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Christie Blatchford

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Christie Blatchford
Christie blatchford.JPG
Blatchford on November 21, 2008
Born (1951-05-20) May 20, 1951 (age 68)
Occupationnewspaper columnist and broadcaster
Notable credit(s)
Toronto Sun, National Post, The Globe and Mail

Christie Blatchford (born May 20, 1951[1]) is a Canadian newspaper columnist, journalist and broadcaster. She has published four non-fiction books.

Life and work

Blatchford was born in Rouyn-Noranda, Quebec,[1] living there until her family moved to Toronto during grade 11. She attended North Toronto Collegiate Institute, graduating in 1970.[2] She then studied journalism at Ryerson University, and worked for the student paper The Ryersonian.[3]

She worked as a sports reporter for The Globe and Mail from 1973 through 1977, where she was billed as Canada's first female sports columnist. Displeased when a Globe column was edited against her wishes, she then abruptly jumped to the competing Toronto Star, where she worked as a feature writer from 1977 to 1982.

Looking to transition from a news reporter to a columnist, she proposed a light humour column to the Toronto Sun in 1982, chronicling her new relationship with a younger boyfriend, as well as her interactions with other friends and family.[1] The Sun agreed to the proposal, although at a pay cut from her rate at the Star. Blatchford remained at the Sun for 16 years, eventually transitioning back into news reporting and harder news features.

In 1998, Blatchford moved to the newly launched National Post. In 1999, she received the National Newspaper Award for column writing.[4] She left the Post to return to The Globe and Mail in 2003, working as a columnist there for eight years. She returned once again to the National Post in 2011.[5]

During four trips to Afghanistan in 2006–07,[6] she reported on the experiences of Canadian soldiers. Based on these experiences, she wrote the book Fifteen Days: Stories of Bravery, Friendship, Life and Death from Inside the New Canadian Army. The book went on to garner the 2008 Governor General's Literary Award in Non-fiction.[5]

Blatchford's book Helpless: Caledonia's Nightmare of Fear and Anarchy, and How the Law Failed All of Us, concerning the Grand River land dispute, led to some controversy including several members of the student body of the University of Waterloo protesting her speaking engagement and leading to its being cancelled on grounds of security.[7]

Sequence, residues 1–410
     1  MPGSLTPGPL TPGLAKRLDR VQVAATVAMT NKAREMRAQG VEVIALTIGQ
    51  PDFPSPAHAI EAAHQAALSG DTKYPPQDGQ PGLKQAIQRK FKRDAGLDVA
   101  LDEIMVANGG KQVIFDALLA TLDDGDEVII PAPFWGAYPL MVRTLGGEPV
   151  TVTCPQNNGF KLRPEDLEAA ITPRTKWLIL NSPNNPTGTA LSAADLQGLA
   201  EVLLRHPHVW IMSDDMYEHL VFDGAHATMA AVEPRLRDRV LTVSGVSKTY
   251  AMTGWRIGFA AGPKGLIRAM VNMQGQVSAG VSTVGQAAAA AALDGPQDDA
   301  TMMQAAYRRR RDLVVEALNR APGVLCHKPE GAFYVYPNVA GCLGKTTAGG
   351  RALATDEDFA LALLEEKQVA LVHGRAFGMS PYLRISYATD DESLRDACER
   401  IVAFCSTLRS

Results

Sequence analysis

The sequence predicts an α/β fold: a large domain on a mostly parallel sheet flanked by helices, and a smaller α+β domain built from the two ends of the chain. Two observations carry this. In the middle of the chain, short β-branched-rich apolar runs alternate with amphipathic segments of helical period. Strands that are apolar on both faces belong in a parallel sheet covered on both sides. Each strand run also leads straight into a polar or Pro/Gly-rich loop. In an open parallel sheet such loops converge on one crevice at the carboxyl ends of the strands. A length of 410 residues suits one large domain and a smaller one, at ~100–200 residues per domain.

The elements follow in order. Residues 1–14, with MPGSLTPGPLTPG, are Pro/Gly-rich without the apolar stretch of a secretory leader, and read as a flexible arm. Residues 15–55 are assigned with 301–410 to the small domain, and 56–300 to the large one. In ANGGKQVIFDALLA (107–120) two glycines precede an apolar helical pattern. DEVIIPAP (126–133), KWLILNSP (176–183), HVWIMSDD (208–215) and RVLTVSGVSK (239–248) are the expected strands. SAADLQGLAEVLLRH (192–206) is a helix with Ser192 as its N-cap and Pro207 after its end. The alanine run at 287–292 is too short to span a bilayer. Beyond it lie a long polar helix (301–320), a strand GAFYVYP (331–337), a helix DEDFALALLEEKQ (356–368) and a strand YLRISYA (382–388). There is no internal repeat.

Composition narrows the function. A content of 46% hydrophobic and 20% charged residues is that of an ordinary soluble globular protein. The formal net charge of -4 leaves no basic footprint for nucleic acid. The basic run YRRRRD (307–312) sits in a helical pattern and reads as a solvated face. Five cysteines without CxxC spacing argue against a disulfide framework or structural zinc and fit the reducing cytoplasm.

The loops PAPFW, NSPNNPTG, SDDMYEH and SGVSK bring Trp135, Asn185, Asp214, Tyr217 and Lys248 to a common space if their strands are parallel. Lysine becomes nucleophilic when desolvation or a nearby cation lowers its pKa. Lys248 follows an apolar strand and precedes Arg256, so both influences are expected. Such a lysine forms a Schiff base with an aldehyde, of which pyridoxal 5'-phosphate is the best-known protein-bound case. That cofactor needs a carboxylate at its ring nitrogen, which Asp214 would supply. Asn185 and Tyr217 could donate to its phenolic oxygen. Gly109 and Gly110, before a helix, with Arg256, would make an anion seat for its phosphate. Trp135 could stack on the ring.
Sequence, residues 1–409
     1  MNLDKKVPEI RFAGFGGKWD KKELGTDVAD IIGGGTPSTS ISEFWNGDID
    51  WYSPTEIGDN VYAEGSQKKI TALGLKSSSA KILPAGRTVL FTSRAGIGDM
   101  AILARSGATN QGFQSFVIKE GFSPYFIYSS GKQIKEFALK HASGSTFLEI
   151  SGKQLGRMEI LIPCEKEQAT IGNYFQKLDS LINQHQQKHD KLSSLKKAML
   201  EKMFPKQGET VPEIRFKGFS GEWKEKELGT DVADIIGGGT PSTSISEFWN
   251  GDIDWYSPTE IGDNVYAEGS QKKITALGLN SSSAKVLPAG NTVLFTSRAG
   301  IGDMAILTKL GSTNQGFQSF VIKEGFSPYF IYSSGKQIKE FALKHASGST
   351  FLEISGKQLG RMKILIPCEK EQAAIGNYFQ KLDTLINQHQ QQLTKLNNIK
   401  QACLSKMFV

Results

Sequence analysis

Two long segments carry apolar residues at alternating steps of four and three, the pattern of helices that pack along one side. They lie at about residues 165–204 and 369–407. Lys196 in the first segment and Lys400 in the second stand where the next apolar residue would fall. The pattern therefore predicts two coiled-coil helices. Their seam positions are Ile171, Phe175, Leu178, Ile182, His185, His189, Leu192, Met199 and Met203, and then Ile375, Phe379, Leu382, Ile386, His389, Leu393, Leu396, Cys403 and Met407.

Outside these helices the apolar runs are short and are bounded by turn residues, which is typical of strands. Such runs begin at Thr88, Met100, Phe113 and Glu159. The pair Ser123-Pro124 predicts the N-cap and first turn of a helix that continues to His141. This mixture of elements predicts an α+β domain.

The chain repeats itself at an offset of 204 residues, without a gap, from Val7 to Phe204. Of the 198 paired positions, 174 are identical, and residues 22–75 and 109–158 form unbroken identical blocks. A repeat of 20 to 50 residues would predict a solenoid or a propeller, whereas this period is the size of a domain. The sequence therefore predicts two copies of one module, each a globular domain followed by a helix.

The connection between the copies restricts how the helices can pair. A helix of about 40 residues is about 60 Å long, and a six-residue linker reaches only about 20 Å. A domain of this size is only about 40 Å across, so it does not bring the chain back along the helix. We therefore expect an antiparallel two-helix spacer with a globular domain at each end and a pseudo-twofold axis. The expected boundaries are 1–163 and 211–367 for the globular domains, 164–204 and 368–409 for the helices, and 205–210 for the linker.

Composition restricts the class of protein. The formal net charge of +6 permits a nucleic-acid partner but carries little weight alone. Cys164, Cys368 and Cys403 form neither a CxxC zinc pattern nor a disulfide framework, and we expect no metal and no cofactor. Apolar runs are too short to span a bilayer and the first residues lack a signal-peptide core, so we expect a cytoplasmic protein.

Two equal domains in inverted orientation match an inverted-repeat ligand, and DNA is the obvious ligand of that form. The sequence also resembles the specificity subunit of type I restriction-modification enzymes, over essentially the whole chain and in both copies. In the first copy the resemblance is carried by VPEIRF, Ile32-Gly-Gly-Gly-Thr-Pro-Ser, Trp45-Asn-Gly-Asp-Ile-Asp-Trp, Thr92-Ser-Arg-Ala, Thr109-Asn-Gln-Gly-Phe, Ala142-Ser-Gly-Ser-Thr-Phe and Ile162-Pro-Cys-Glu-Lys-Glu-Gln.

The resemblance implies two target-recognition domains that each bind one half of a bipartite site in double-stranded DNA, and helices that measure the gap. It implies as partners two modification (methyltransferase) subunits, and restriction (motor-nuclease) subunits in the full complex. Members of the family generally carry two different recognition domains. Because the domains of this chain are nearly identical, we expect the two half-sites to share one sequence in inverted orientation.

In an article in the National Post online on August 22, 2011, she criticized the outpouring of support resulting from the death of federal NDP Leader and the Parliament of Canada's Leader of the Opposition Jack Layton, calling it "a public spectacle",[8] and referring to Layton's "canonization". This caused an outcry toward Blatchford herself.[9] Blatchford's commentary on the 2013 suicide of Rehtaeh Parsons also led to Parsons' father accusing Blatchford of victim blaming.[10]




In the 1980s, Blatchford published two collections of her humour-oriented Toronto Sun columns.

  • Spectator Sports (1986)
  • Close Encounters (1988)


Beginning in 2007, Blatchford began publishing book-length non-fiction reportage.

  • Fifteen Days: Stories of Bravery, Friendship, Life and Death from Inside the New Canadian Army (2007)
  • The Black Hand: The Bloody Rise and Redemption of "Boxer" Enriquez, a Mexican Mob Killer (2008)
  • Helpless: Caledonia's Nightmare of Fear and Anarchy, and How the Law Failed All of Us (2010)
  • Life Sentence: Stories From Four Decades of Court Reporting - Or, How I Fell Out of Love with the Canadian Justice System (2016)

See also


  1. ^ a b c Coulter, Diana (spring 1984). "Blatchford Behind the Byline: When it comes to the real Christie Blatchford, reading is not believing Archived 2012-03-27 at the Wayback Machine", Ryerson Review of Journalism. Retrieved August 24, 2011.
  2. ^ "Foundation News" (PDF). North Toronto Collegiate alumni newsletter.
  3. ^ "Blatchford Behind the Byline :: Ryerson Review of Journalism :: The Ryerson School of Journalism". 1951-05-20. Archived from the original on 2012-03-27. Retrieved 2012-04-06.
  4. ^ (June 1, 2011). "Journalist Christie Blatchford leaves Globe and Mail for Postmedia", Toronto Star. Retrieved August 24, 2011.
  5. ^ a b (June 1, 2011). "News veteran Christie Blatchford joins Postmedia", CBC News. Retrieved August 24, 2011.
  6. ^ Blatchford, Christie (June 25, 2011). "Christie Blatchford: Surrounded by our troops, I’ve never felt so alive Archived 2012-07-18 at", National Post. Retrieved August 24, 2011.
  7. ^ National Post web site
  8. ^ Blatchford, Christie (August 22, 2011). "Full Comment: Layton's death turns into a thoroughly public spectacle". National Post. Archived from the original on December 25, 2012. Retrieved August 23, 2011.
  9. ^ Mac, Amber (August 24, 2011). "Layton’s death reveals the good, the bad and the ugly online", The Globe and Mail. Retrieved August 27, 2011.
  10. ^ Allison Cross, "‘It’s always about the victim’: Rehtaeh Parsons’ father responds to Christie Blatchford’s column," National Post, February 26, 2013, URL accessed February 26, 2013.

External links